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It seems like all people talk about these days are their macros, as they use some app on their smartphone to calculate whether they can eat the bun that came with their burger. But what exactly does it mean when they say something does or doesn’t fit into their macros? And how do you know what your allotted macros should be? And why is this suddenly so trendy? Read on as we break down the mystery of macros.
Macros Mean What?
“Macro” is an abbreviation for macronutrient — nutrients the body requires in large amounts, such as protein, carbohydrates and fat. These macronutrients, along with the micronutrients (vitamins and minerals) and phytochemicals (plant chemicals) we get from food get broken down through the digestion process into small sub-units such as amino acids, glucose and fatty acids. These then travel through our bloodstream and interact with our cells in various metabolic processes.
All Calories Are Not Created Equal
For a long time, it was generally believed that “a calorie is a calorie” and that body composition was a factor of calories in vs. calories out. But things have changed.
“It’s increasingly understood that the truth is much more complex,” says Jonathan Jordan, a NASM-certified personal trainer and nutrition coach in San Francisco. “It makes logical sense. If I eat 2,000 calories a day from a balanced mix of healthy protein, carbs and fat, I will be healthier and achieve a better body composition than someone who eats 2,000 calories of soda and cake.”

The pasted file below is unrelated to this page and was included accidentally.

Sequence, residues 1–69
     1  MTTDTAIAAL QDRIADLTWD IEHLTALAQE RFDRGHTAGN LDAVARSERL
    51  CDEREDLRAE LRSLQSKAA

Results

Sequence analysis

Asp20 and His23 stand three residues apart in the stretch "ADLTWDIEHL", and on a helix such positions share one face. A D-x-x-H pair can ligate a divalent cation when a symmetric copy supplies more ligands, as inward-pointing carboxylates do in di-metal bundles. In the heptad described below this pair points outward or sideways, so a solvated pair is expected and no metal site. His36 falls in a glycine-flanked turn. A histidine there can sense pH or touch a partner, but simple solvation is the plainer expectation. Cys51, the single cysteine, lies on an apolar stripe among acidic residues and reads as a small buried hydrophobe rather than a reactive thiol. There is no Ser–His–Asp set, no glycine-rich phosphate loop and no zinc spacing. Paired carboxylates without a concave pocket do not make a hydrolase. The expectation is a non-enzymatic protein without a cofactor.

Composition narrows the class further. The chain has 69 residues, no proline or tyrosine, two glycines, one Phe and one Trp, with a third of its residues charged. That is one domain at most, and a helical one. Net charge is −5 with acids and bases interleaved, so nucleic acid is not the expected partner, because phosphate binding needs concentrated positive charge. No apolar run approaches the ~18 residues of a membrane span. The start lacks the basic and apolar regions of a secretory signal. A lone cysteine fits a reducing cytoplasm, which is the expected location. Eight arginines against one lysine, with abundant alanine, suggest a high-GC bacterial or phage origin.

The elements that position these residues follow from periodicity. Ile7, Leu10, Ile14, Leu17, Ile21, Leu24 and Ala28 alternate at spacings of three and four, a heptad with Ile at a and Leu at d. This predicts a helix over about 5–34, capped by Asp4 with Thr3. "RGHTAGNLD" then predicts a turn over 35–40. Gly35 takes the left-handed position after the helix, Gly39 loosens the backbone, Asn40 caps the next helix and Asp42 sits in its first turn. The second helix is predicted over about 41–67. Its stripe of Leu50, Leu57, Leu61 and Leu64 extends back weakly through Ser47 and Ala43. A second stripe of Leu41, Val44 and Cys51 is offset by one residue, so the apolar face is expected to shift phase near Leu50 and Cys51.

As such, macronutrient-focused meal plans help fine-tune your nutrition, health and results by breaking up your calories based on your body type, genetics, goals and activity level. It’s an advanced nutritional strategy for decreasing body fat, adding muscle or maintaining body composition — you simply determine your ideal grams of protein, carbs and fat to target each day to reach your caloric intake goal to support your body composition goal.
Determining Your Breakdown
Jordan says that the best way to learn your ideal macro numbers would be to meet with a nutritionist or registered dietician. If you don’t have access to a professional, there are several online resources that can help. He recommends MyFitnessPal, a free app that can help users determine and track their caloric and macro goals based on their current and desired weight and goals.
In general, macros are computed first by determining your ideal daily caloric target. This is calculated through a formula based on your current weight and activity level. Once you have that, you then look at your body type (or somatotype) and body composition goals to figure out what percentage of your caloric goal should come from fat, protein and carbs. Then break those percentages down into grams.
“For instance, I am a 180-pound male who exercises seven hours a week and I want to gain muscle,” Jordan says. “I should target 3,600 kcal a day. I’m a mesomorph (naturally muscular and athletic), so I would start at 30 percent protein, 40 percent carbs and 30 percent fat. That breaks down to 270 grams of protein, 360 grams of carbs and 120 grams of fat.”
Tracking Your Meals
If you’re dedicating yourself to a macro eating plan, it’s imperative to use an app to track each meal’s breakdown. “People are generally bad at estimating,” Jordan says. “Research shows that when we attempt to eyeball or estimate our food, we overestimate the good stuff and underestimate the bad stuff — even when we are trying to be spot-on honest. So tracking gives us a sense of accountability and accuracy.”
Jordan says that if you see the results you want, maintain your split. And if not, then you may need to refine it (increase or decrease your calories, switch to a split for a different somatotype, tweak your carbs or fat percentage, etc.).